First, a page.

You have all acquired an important asset, namely education. However, I would like you to see education from perspective offered by the Irish poet William Butler Yeats who noted that “Education is not about filling a bucket but lighting a fire”. I hope that your time over the last few years at AUN has lit a fire in you, a fire to go and change the world, starting with Africa. I would also like to emphasize that education is not a finite destination, rather it is a lifelong pursuit.  

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While hard work and education are critical, they are not enough. I can’t think of anything more important than love for country and continent. It is through the love for country and continent that we develop the deep passion that is required to drive change.  

I would also like to remind you that those who fought for the independence of African nations, did so as young people. As I said in another speech, Kwame Nkrumah and his contemporaries “invested their youth in that project. Instead of the luxury of serving the colonial masters, they chose deprivation that came with agitation for independence; instead of the safety that subservience would have assured them, they chose the danger that littered the path to political independence; instead of living for the present, many sacrificed their present for a better future for all Africans”.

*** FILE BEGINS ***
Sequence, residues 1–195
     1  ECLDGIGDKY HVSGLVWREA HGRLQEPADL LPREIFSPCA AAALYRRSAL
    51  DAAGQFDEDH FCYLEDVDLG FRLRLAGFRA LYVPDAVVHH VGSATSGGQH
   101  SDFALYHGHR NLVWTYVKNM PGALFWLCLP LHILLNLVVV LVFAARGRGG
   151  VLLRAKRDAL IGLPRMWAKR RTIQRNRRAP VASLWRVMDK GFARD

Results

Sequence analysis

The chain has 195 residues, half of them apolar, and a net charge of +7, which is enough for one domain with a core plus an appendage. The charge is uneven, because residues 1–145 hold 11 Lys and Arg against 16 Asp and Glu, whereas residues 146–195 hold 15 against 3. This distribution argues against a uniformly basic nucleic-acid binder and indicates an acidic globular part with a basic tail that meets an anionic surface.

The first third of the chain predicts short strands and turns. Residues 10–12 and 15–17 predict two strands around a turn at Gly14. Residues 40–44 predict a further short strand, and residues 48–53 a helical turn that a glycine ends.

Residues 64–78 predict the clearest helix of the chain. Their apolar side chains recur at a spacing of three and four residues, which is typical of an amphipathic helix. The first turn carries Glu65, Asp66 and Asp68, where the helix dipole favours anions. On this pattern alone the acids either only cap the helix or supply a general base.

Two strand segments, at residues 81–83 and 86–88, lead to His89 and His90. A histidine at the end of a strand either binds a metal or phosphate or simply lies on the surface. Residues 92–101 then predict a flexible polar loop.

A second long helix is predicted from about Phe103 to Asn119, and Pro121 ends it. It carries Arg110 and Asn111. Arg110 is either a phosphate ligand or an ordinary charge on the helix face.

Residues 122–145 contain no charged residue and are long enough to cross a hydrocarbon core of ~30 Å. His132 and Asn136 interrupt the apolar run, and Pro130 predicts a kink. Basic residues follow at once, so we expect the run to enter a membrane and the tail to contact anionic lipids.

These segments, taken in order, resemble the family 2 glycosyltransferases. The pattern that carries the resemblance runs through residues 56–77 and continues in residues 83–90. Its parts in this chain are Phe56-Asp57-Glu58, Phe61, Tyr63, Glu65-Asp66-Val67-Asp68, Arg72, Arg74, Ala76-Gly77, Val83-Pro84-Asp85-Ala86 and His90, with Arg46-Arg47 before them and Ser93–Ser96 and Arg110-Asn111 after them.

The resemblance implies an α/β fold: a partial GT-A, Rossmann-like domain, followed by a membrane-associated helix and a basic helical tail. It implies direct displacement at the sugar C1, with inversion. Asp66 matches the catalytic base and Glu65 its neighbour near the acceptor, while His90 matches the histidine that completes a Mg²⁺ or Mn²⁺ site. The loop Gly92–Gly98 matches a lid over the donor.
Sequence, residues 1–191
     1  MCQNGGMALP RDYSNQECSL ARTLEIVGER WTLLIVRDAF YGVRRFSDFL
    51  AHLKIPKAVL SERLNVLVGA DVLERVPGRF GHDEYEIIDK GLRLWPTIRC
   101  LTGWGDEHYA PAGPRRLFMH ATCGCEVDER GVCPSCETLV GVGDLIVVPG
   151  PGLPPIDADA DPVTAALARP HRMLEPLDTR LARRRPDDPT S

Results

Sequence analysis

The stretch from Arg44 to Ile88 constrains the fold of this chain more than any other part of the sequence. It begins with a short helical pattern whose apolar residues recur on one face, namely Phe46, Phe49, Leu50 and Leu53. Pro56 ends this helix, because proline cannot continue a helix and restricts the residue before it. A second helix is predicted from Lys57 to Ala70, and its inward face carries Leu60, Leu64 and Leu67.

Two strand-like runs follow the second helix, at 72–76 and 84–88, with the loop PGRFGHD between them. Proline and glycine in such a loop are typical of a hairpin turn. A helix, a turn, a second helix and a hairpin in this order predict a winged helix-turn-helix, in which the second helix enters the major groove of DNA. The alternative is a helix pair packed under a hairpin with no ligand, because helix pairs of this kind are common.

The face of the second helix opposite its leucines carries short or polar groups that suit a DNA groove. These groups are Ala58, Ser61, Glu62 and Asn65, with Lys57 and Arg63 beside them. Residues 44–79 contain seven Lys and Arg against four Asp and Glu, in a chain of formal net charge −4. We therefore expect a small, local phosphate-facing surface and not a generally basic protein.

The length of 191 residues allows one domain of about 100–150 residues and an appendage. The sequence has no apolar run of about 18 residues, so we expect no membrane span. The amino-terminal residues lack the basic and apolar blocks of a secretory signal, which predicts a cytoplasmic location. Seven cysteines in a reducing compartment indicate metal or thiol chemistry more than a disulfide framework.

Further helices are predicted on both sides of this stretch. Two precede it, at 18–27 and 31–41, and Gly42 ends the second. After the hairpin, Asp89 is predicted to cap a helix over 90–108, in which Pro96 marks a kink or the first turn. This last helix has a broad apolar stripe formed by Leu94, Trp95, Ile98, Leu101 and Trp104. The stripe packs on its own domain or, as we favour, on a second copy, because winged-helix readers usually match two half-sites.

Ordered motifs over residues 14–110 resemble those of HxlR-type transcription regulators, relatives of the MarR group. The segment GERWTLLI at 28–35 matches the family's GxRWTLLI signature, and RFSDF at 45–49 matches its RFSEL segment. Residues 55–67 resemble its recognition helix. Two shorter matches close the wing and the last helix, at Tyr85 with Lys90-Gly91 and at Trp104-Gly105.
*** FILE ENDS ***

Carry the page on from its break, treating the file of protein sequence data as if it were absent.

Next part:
While they won the battle for political independence, which you and I enjoy today, we are deep into another struggle, the fight for economic independence. How would we fight this raging battle? The leaders of my generation have made efforts in this regard but have had limited success. It is You, the educated African youth in this arena and similar universities around the world, that can help us to eventually win the battle. And it is a battle we must engage in and win as it will define the future of the African. Otherwise, we will remain at the periphery of the global scheme of things. It is because of the new knowledge economy that Apple has a valuation today that is almost the size of Africa’s GDP. And as Artificial Intelligence and other technology gain ground, it is you, our youth that will ensure that this time, the country is not left behind and that we take control of our destiny and compete effectively globally. In this new world we are in, a new struggle is raging.